• Starter fertilizer: Some fertilizers are designed specifically to help new lawns establish strong roots and healthy growth. If you’re planting new grass seed, you definitely want to use a starter fertilizer
  • Seeding fertilizer: Some fertilizers include actual grass seeds so that you overseed and fertilize your lawn at the same time. If your grass is thin or has many bare patches, you may want to overseed with a seed/fertilizer mix. 
  • Weed and feed: Many fertilizers contain herbicides to kill and prevent broadleaf weeds, crabgrass, and other turfgrass weeds. When you apply a weed and feed fertilizer, you don’t have to go through the application process all over again for a separate weed control product. 
  • Pest control: Similarly, there are fertilizers that contain pesticides for killing and preventing certain lawn pests, such as grubs or armyworms. If your lawn has had problems with pests in the past, a pest control fertilizer might be a good idea for you.
  • Disease prevention: There are also fertilizers with fungicides to prevent lawn diseases such as dollar spot, brown patch, and other issues caused by fungi. You only need to look for a fertilizer with disease prevention if your lawn has battled a disease in the past. 

FAQ About Fertilizing Bermudagrass

1. How do I make my Bermudagrass thicker and greener?

You can make Bermudagrass thicker and greener with a nitrogen-rich fertilizer. Nitrogen makes grass green and helps it grow faster. 

Other ways to encourage Bermudagrass to grow thicker include:

Overseeding to fill in thin and bare patches
Aerating the lawn to fix compacted soil 
Mowing the grass lower and more frequently than usual to encourage more lateral growth rather than upward growth 
Watering the lawn after you mow 
Preventing weeds with pre-emergent herbicide in spring 

2. How can I make Bermudagrass spread faster?

Just as it encourages faster upward growth, nitrogen fertilizer will encourage your Bermudagrass to spread faster. Regularly apply nitrogen fertilizer during your grass’s growing season (late spring through summer) for thicker, faster growth.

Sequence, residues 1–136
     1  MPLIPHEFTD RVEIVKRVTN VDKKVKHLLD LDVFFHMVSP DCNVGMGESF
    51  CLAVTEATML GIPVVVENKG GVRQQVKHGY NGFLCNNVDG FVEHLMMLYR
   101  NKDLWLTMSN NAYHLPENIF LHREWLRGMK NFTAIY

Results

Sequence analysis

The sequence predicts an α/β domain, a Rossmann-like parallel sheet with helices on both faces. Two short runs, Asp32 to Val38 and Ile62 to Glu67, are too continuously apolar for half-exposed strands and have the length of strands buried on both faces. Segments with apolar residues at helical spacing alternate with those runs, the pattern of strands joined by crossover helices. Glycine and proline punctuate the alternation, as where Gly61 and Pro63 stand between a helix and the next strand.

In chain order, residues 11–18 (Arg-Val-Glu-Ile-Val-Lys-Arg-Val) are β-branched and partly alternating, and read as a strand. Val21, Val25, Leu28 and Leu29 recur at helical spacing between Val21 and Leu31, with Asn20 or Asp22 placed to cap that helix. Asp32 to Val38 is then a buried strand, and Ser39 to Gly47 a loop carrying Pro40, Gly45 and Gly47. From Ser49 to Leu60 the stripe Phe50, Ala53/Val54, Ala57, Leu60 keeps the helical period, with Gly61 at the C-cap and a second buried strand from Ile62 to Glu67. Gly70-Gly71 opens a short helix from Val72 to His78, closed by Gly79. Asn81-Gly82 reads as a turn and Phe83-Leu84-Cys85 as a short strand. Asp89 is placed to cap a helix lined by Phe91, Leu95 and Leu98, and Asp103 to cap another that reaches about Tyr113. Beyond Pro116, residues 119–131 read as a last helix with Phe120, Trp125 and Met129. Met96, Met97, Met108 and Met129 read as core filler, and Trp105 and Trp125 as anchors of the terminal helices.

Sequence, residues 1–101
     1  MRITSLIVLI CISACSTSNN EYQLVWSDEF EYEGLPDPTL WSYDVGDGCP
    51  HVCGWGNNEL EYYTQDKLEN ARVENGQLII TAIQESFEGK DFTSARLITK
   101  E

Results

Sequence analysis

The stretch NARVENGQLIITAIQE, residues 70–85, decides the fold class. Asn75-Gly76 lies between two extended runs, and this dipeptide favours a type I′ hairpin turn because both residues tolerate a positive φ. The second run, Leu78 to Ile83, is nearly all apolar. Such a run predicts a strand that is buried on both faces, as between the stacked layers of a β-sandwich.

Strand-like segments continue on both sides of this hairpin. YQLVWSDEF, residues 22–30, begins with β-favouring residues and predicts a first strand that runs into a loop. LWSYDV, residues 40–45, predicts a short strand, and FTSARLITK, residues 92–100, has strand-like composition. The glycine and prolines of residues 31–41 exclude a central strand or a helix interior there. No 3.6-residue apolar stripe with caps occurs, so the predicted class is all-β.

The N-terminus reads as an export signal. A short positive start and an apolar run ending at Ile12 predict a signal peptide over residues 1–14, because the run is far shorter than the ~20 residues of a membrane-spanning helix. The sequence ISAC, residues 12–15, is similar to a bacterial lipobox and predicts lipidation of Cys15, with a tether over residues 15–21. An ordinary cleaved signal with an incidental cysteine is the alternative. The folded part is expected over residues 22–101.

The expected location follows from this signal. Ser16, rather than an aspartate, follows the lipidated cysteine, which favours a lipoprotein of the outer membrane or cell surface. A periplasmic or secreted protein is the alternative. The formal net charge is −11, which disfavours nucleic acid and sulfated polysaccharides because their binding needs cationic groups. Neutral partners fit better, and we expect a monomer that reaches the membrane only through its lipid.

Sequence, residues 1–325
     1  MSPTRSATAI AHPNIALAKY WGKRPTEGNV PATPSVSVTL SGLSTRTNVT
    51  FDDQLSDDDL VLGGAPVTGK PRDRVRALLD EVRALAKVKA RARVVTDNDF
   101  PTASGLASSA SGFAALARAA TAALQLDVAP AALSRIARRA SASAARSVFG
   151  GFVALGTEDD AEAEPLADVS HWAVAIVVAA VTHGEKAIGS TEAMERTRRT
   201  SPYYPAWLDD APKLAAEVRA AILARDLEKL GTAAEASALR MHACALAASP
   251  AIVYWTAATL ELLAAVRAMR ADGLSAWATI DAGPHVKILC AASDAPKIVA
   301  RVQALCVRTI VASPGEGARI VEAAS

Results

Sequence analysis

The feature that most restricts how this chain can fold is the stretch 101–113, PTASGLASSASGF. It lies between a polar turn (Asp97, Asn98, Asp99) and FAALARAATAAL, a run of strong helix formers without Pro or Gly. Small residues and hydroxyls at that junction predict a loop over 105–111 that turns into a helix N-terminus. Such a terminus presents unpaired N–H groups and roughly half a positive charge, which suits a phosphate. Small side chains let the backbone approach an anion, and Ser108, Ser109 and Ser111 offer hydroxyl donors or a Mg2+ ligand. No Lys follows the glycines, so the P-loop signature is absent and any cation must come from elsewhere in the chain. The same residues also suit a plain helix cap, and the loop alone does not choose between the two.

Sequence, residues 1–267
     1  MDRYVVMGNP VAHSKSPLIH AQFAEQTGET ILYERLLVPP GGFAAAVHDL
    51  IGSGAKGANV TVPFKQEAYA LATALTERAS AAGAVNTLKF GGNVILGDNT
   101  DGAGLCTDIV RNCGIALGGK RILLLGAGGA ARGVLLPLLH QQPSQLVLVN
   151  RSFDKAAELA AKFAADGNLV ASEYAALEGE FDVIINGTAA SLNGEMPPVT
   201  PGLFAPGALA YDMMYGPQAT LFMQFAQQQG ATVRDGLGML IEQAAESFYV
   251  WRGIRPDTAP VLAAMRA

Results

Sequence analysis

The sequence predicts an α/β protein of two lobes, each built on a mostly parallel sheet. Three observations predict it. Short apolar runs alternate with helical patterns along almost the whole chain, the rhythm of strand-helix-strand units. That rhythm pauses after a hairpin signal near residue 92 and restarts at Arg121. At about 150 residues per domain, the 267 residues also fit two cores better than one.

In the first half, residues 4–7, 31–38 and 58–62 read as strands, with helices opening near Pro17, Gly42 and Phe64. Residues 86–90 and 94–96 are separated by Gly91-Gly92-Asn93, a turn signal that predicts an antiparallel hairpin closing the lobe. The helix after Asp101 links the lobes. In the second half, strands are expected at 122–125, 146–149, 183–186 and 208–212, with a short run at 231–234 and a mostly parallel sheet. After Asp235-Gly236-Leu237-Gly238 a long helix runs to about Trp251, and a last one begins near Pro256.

You can further speed spreading by cutting the grass very low — 1 inch or shorter — and very often, about twice per week. 

3. Is lime good for Bermudagrass?

Agricultural lime is used to raise soil pH levels, which may or may not be good for your Bermudagrass depending on what your soil pH already is. 

If your soil’s pH is lower than Bermudagrass’s preferred range of 6.0 to 6.5, then, yes, lime will benefit your grass. However, if your soil’s pH is 6.0 or higher, then lime could hurt your grass. 

4. Can you overfertilize Bermudagrass?

Yes, you can overfertilize any kind of grass. But as long as you follow the instructions on the fertilizer package, you should be fine. 

You’re more likely to overfertilize and burn your grass when using high-nitrogen fertilizers, liquid fertilizers, and quick-release fertilizers. 

Basic Bermudagrass Maintenance

Fertilizing on a regular schedule is an important part of keeping your lawn thick and healthy, and the best fertilizers for Bermudagrass will definitely help you in that department. 

But there’s a LOT more to proper lawn maintenance than just fertilizing. Here are a few more Bermudagrass maintenance tips from Texas A&M’s Guide to Bermudagrass Lawns:

  • Mow the lawn at a height of 1 to 2 inches for common Bermuda or ½ to 1½ inches for hybrid Bermuda varieties. 
  • Water the lawn only when it shows signs of drought stress, which will probably happen every 5 to 10 days depending on the weather. 
  • Apply pre-emergent herbicides in spring to control crabgrass and other summer weeds.
  • Remove thatch from the lawn with a verticutter (also known as a vertical mower or power rake) in spring if the thatch layer is thicker than ½ inch. 
  • Look out for symptoms of common Bermudagrass pests, such as grubs, armyworms, and Bermudagrass mites, so you can treat any infestation ASAP. 

Does all this lawn maintenance sound like too much work? Lucky for you, LawnStarter’s local lawn care pros are a click away. Let our crews mow, trim, edge, and fertilize your Bermudagrass lawn instead. 

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Jordan Ardoin

Jordan Ardoin

Jordan Ardoin is a writer and editor with a passion for sustainable, earth-friendly gardening and lawn care practices. When she isn't sharing her knowledge about lawn care and landscaping, you can find her curled up with a good book and a cat in her lap.